Teaching Our Faith — A saint for our times

Today it often feels as if we have a critical shortage of heroes. Professional athletes fall from grace clutching steroid-filled syringes. Politics seem awash in acrimony, distortions and special interests. The church itself has reeled from the scandal of child sex abuse. From “Toddlers in Tiaras” to the lamentably pervasive “housewives,” contemporary media creates a growing sense that the worst human traits, such as self-absorption and gluttony, are the norm rather than the exception.

Yet our modern world is full of heroes — even saints — ordinary people who serve as a shining example of grace, humility and service to others. Their quiet example just doesn’t grab the spotlight. That is one reason I am drawn to the story of St. Maximilian Kolbe, declared “The Patron Saint of Our Difficult Century” by Blessed John Paul II.

I learned about St. Maximilian from my parents, my first and best teachers of Christian faith who were living when my son, Max, was born. They introduced us to a 20th century hero who gave the ultimate gift by laying down his life for a stranger.

St. Maximilian was born in 1894 to a Polish working class family and named Raymond. Early on, he was deeply influenced by a childhood vision of Mary that led to a lifelong devotion to Jesus’ mother — the most perfect example of humble acceptance of God’s will.

Kolbe was dedicated to learning. He and his older brother Francis joined the Conventual Franciscans in 1907, and he took final vows in 1914, adopting the name Maximilian Maria — reflecting his dedication to Mary. He eventually attended college in Rome where he studied mathematics and physics and earned degrees in both philosophy and theology.

He was a leader and strategic organizer. He founded “Militia Immaculata,” or the Army of Mary, to inspire conversion through Mary’s divine intercession. In the 1920s and 30s he founded monasteries in Warsaw, Japan and Niepokalanow, the latter of which became a virtual city known as a vocational hub and publishing center of religious books, pamphlets and periodicals.

In fact, Kolbe saw the power of media to communicate and rally people to good and courageous action. He founded a daily newspaper, magazine and radio station which were ultimately used to speak out against the rising tide of Nazi atrocities. Interestingly, Kolbe is the only canonized saint to have an amateur radio license; today, he would likely blog and tweet, marshalling all the resources of social media to spread his Christian message.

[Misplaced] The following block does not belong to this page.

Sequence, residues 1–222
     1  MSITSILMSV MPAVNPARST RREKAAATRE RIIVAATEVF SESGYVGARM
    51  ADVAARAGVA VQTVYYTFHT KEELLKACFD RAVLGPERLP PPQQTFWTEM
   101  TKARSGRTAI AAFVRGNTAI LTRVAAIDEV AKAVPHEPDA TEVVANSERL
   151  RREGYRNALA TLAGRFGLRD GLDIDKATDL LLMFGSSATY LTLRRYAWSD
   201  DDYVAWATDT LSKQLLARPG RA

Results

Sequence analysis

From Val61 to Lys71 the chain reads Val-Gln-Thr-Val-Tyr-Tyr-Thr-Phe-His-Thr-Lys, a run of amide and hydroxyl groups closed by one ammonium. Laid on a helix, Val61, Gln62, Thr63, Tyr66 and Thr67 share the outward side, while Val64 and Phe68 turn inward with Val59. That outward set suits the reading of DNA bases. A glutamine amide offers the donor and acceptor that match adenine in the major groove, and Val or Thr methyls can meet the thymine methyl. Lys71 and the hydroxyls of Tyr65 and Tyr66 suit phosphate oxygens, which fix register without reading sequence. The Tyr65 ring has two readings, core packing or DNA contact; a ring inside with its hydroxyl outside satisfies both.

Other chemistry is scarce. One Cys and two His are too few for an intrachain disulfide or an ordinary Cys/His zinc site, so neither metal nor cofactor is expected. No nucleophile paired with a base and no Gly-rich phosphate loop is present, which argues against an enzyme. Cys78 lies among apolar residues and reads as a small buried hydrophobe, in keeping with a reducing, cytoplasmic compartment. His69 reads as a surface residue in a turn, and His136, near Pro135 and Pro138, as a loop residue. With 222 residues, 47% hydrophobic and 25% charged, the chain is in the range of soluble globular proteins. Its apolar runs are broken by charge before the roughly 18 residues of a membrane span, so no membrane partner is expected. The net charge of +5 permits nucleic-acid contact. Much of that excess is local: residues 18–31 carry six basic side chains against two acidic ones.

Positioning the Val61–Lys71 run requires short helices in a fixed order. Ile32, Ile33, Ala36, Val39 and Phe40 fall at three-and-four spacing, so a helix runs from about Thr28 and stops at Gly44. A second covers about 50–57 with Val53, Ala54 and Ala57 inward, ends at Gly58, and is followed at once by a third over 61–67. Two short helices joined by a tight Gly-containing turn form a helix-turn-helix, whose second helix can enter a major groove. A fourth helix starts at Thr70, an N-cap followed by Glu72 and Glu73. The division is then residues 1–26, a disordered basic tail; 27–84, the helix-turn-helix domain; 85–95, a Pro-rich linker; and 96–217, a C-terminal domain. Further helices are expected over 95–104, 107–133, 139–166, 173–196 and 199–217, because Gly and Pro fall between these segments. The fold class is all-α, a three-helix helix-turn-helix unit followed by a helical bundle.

But he did more than urge action. As World War II began, Kolbe’s Polish monastery sheltered refugees, including some 2,000 Jews.

This led to Kolbe’s arrest by the German Gestapo, imprisonment at the dreaded Auschwitz death camp, and a new name: Prisoner #16670.

In July 1941, in retaliation for a prisoner escape, the camp commander randomly selected 10 men to be starved to death in an underground bunker. When one of the men cried out, “My wife! My children! What will they do?” Kolbe volunteered to take his place.

Eyewitnesses reported that during this death watch, Kolbe celebrated Mass each day and sang hymns with the other men. Each time guards checked, he was standing or kneeling in the middle of the cell. After two weeks, only Kolbe remained. He was given a lethal injection on Aug. 14 and cremated the following day — ironically, the feast of the Assumption of Mary.

St. Maximilian Kolbe was canonized on Oct. 10, 1982, with Francis Gajowniczek, the man he saved, in attendance. Gajowniczek lived 53 years after the fateful switch and was quoted as saying that “so long as he … has breath in his lungs, he would consider it his duty to tell people about the heroic act of love by Maximilian Kolbe.”

World War II represents one of the darkest hours of human existence. Yet out of that horrific catastrophe have come countless stories, like those of St. Maximilian, of incredible courage and self-giving love.

Kolbe mirrors the message of Jesus: that in the face of unimaginable evil, the human spirit can soar in service to others.

That’s a message we can all use today.

Alice Bridges,
Corporate Director
KentuckyOne Health

The Record
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